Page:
We caught Jake Shimabukuro in-between shows to chat about his work with the Fender Play Foundation and the power of musical connection.
Ah, the elusive Holy Grail; the search of which is not just a key plot point in “Indiana Jones and the Last Crusade,” but a term to describe moments of transcendence, awesome serendipity, and magical combination. For musician Jake Shimabukuro, there may have been a holy grail in the return to live shows after the pandemic shut down. Or, a zoom call full of enthusiastic students taking part in the Fender Play Foundation Summer Program, eagerly strumming their beloved instruments even across internet delays, to “play your part” to “Turn Up the Sunshine” by Diana Ross and Tame Impala from Minions: The Rise of Gru. “Those students just blew me away,” Shimabukuro enthused, “They were all playing the right chords, they’re playing in sync, and in unison. You could just tell that there was a transformation that happened.”
Facilitating these transformations is the Fender Play Foundation, the non-profit entity housed by Fender itself, devoted to inspiring, developing, and supporting the next generation of musicians by providing instruments and workshops. In July 2022, the Fender Play Foundation hit a new milestone: the program has provided musical experiences to over 10,000 students in LAUSD. They are responsible for the joyous unboxing of shiny guitars, the happy strings of a ukulele being plucked for the first time, and the resonating noise through amplifiers at the inspired hands of a new musician. This summer, the LAUSD and Fender Play Program concluded with a commencement from a ukulele legend: Jake Shimabukuro.
During the last two years, the forced online congregations in turn brought enhanced gratitude upon the return of live music; the holiness of live shows. They can be, as Shimabukuro notes, “a vehicle that allows us to experience the same things…to be in a room where we all feel united and connected.” The holiness of connection and shared experiences was alive, well, and surrounded by a soundtrack through the Fender Play workshops, inspired by unique soulful expression of music. “Ukulele helped me to express emotions, express ideas, and connect with people,” Shimabukuro explains. “Music allows us to feel different things. And when we play it with other people, I feel like we’re able to kind of share very similar experiences. And when you do that, that’s when empathy happens.”
The notion of a “holy grail” by definition can invoke the word “spiritual.” And music can also have a spiritual element. “There’s always these three tiers of things: the physical, the mental and the emotional side of anything that you do,” Shimabukuro explains. We start with the physical aspects: developing calluses, as Shimabukuro reminded me, and muscle memory. We move into mental: musical decisions and choices. “But then the third tier is that emotional; some people call it the spiritual. It’s that intangible thing that we can’t grasp and can’t explain. But we’ve all felt it at some point in our lives,” Shimabukuro concludes.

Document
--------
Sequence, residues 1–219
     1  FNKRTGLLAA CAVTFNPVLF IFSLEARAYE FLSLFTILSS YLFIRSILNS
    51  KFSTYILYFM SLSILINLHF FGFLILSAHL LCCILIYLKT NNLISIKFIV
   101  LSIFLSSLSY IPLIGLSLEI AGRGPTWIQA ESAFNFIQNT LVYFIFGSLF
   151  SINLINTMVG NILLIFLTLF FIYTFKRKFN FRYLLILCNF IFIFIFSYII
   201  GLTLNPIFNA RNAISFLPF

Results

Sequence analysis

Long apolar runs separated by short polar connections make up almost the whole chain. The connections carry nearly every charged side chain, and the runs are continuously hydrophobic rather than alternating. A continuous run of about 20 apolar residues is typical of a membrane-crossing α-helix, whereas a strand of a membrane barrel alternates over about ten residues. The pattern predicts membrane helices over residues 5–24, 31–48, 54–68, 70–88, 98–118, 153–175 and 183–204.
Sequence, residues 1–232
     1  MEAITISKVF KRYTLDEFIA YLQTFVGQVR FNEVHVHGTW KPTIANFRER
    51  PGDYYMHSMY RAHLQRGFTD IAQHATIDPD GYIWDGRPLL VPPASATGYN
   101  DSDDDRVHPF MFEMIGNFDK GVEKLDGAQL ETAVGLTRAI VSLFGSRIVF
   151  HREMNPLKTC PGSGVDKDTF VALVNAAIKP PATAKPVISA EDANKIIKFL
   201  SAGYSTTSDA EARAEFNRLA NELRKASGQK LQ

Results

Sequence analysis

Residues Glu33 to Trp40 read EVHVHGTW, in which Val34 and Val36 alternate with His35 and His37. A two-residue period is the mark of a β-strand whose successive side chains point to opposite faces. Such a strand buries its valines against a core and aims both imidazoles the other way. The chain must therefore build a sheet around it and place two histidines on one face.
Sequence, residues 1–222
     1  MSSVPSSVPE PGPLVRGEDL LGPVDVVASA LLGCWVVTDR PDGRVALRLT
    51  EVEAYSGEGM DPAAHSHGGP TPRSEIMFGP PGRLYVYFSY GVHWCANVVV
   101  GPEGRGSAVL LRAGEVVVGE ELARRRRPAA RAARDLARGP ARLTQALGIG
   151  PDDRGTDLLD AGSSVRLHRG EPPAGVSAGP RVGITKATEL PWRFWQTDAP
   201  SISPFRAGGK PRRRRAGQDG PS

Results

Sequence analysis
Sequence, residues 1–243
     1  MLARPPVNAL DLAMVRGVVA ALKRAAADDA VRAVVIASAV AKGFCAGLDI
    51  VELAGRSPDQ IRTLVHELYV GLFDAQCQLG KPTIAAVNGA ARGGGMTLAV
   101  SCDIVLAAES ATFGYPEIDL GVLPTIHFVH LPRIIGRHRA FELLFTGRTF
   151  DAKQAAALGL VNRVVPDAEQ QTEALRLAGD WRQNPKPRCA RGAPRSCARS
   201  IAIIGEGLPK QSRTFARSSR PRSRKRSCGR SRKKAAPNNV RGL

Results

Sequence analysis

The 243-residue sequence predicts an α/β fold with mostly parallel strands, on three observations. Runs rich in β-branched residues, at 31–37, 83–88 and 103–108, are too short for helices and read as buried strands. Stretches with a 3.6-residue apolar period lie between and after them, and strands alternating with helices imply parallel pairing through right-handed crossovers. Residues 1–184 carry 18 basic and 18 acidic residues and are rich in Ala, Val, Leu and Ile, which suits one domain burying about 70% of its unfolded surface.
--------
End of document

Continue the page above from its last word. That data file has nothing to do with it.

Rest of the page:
The sublime beauty and intricacy of music is that it is a reflection, representation, and permutation of our lives, all at the same time. Music doesn’t so much intertwine with life as much as it is life, with all the complexities and shifts that it offers. In that way, Shimabukuro recognizes the power and opportunity that Fender has provided through their program. “You can take these ideas and these philosophies and these concepts, from life and apply it to your music or you can take all the philosophies and concepts and, and ideas that you apply to music and take that and bring it out into your everyday life,” Shimabukuro reflects. “I think what Fender play Foundation is doing is teaching kids students this without them even knowing it. They think they’re learning this instrument, but they’re learning so much more than that it’s going to make such an impact in their lives.”
Throughout his ukulele career, Shimabukuro has sought out his own “holy grail of tone.” The journey included experimenting with the amplification of the ukulele sound in order to enhance melodies and unlock possibilities. “ I didn’t want to necessarily amplify my ukulele so that I could play louder I wanted to amplify the ukulele so that I could play softer,” Shimabukuro explained. “I can create all these different sounds and colors.”
And it’s within these sounds and colors that the credits roll on our Indiana Jones quest and hero departs triumphantly, in this case onward to Saratoga California; a legend and a hero carrying their musical Holy Grail.
(Featured Photo by Sienna Morales Photography)